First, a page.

Perhaps the most important benefit of green roofs is their ability to retain stormwater. On an annual basis, a 3.5-4” deep sedum green roof in central Pennsylvania can retain approximately 50-60% of the annual rainfall. Retention occurs primarily in the summer months from May through September when as much as 100% of the rain can be retained. In the cool season months less water is retained, 20-30% on average (Figure 1). During the summer the plants actively transpire, and evaporation from the media surface is high so the roof can effectively store and release most of the rain. In the winter, evaporation is slow and the plants are dormant so less retained water is returned to the atmosphere. In effect the green roof restores the evapotranspiration component of the hydrologic cycle to the otherwise impervious roof surface. In any rain event the amount retained by the green roof depends on the water holding capacity of the media and the plants and how much is still retained from the last rain event. An average 4” roof can usually retain most of a 1 inch rain during the summer if the last rain was at least a week before (Figure 2).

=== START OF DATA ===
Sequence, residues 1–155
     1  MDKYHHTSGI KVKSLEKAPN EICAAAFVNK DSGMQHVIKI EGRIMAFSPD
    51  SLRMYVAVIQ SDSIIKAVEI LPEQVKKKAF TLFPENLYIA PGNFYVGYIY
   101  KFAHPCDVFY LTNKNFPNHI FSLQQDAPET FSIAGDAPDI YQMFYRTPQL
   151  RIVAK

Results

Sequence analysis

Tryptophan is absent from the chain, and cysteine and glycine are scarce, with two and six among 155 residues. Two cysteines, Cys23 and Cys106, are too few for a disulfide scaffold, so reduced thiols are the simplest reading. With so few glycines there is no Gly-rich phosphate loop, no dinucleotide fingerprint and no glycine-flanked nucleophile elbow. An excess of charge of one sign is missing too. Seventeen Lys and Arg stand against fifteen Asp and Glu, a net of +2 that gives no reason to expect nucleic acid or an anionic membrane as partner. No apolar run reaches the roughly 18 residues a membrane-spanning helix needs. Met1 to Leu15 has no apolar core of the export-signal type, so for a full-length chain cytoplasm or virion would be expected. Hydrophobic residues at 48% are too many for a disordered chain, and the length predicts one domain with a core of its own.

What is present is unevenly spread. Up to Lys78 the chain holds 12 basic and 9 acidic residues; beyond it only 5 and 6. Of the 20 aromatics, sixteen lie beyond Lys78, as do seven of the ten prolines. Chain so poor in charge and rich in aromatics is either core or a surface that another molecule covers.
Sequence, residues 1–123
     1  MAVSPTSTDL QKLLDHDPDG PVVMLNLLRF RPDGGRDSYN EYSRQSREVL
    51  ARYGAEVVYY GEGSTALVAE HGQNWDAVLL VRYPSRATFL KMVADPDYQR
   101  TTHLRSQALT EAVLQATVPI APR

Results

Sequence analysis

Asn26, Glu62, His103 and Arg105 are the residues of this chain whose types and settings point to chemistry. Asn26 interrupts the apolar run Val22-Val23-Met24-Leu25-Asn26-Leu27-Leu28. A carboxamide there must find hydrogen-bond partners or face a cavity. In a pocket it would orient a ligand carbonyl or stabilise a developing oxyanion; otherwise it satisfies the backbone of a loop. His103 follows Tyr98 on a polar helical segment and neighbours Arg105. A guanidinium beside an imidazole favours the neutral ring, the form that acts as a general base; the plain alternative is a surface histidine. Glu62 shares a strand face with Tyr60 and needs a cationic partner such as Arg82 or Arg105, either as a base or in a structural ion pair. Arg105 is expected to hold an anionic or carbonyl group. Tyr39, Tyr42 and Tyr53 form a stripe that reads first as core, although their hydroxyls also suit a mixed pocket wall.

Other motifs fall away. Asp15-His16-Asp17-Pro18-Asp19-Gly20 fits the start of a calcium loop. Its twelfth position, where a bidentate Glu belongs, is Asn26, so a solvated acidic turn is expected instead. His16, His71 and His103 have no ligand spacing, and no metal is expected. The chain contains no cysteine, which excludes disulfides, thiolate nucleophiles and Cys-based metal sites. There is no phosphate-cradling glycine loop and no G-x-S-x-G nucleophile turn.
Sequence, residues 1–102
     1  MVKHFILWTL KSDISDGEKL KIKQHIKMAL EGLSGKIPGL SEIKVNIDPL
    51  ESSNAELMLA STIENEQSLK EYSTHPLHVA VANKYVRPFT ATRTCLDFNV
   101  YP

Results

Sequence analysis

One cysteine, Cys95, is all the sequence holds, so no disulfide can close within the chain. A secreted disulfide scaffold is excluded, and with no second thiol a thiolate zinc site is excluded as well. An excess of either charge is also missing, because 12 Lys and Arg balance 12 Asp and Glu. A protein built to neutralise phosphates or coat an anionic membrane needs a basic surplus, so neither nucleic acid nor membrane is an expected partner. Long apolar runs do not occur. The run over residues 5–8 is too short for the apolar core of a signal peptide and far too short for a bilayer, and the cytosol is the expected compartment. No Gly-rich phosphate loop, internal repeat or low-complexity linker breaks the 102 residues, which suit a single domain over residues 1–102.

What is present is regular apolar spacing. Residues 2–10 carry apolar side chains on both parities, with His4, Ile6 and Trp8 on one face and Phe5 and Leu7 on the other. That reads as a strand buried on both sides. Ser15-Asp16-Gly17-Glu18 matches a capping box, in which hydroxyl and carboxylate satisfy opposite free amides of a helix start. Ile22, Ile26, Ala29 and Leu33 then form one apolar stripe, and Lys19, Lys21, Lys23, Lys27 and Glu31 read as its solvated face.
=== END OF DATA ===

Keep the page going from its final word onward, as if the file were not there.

In addition to retaining a considerable percentage of the annual rainfall, a green roof can reduce peak runoff rates and delay runoff from many storms, acting as a roof top detention basin. A typical summer rain produces a runoff hydrograph like that shown in Figure 3 and 4. Note that runoff from the green roof is delayed and peak rates are reduced compared to the rain or runoff from a non-green flat roof. Even in an extreme event the green roof will reduce total runoff volume and delay the runoff (Figure 5 and 6). In this rain the green roof adsorbed the initial rain completely, midnight- about 2:20am , and delayed and reduced the peak flows, 2:20 - 3:00am, and further delayed and retained the late peak (~7:10am). The green roof is thus a very effective stormwater management tool and can be used to reduce the impact of new development on overburdened municipal storm water systems.